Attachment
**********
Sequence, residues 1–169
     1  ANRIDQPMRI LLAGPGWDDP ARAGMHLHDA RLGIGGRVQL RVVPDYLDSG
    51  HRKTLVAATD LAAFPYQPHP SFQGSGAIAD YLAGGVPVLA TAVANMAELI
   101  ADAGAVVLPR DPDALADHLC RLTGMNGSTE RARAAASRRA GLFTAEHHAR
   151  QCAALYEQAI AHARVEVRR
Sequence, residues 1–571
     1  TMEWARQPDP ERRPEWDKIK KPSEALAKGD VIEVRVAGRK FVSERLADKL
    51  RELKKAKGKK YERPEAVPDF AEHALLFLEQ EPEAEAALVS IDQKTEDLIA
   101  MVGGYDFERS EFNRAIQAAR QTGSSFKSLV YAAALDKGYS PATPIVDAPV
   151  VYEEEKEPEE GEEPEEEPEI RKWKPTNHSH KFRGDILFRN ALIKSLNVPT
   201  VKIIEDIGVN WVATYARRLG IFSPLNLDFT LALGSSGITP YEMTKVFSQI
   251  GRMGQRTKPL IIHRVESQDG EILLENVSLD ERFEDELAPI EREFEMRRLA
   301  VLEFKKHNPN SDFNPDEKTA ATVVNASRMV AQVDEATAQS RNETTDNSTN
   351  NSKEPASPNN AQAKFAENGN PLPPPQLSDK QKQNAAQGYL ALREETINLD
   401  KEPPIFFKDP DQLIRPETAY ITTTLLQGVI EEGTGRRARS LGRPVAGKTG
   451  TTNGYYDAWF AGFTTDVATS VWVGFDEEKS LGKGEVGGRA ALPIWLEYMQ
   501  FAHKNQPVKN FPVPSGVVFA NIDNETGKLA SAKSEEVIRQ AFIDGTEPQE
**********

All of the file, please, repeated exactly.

Sequence, residues 1–169
     1  ANRIDQPMRI LLAGPGWDDP ARAGMHLHDA RLGIGGRVQL RVVPDYLDSG
    51  HRKTLVAATD LAAFPYQPHP SFQGSGAIAD YLAGGVPVLA TAVANMAELI
   101  ADAGAVVLPR DPDALADHLC RLTGMNGSTE RARAAASRRA GLFTAEHHAR
   151  QCAALYEQAI AHARVEVRR
Sequence, residues 1–571
     1  TMEWARQPDP ERRPEWDKIK KPSEALAKGD VIEVRVAGRK FVSERLADKL
    51  RELKKAKGKK YERPEAVPDF AEHALLFLEQ EPEAEAALVS IDQKTEDLIA
   101  MVGGYDFERS EFNRAIQAAR QTGSSFKSLV YAAALDKGYS PATPIVDAPV
   151  VYEEEKEPEE GEEPEEEPEI RKWKPTNHSH KFRGDILFRN ALIKSLNVPT
   201  VKIIEDIGVN WVATYARRLG IFSPLNLDFT LALGSSGITP YEMTKVFSQI
   251  GRMGQRTKPL IIHRVESQDG EILLENVSLD ERFEDELAPI EREFEMRRLA
   301  VLEFKKHNPN SDFNPDEKTA ATVVNASRMV AQVDEATAQS RNETTDNSTN
   351  NSKEPASPNN AQAKFAENGN PLPPPQLSDK QKQNAAQGYL ALREETINLD
   401  KEPPIFFKDP DQLIRPETAY ITTTLLQGVI EEGTGRRARS LGRPVAGKTG
   451  TTNGYYDAWF AGFTTDVATS VWVGFDEEKS LGKGEVGGRA ALPIWLEYMQ
   501  FAHKNQPVKN FPVPSGVVFA NIDNETGKLA SAKSEEVIRQ AFIDGTEPQE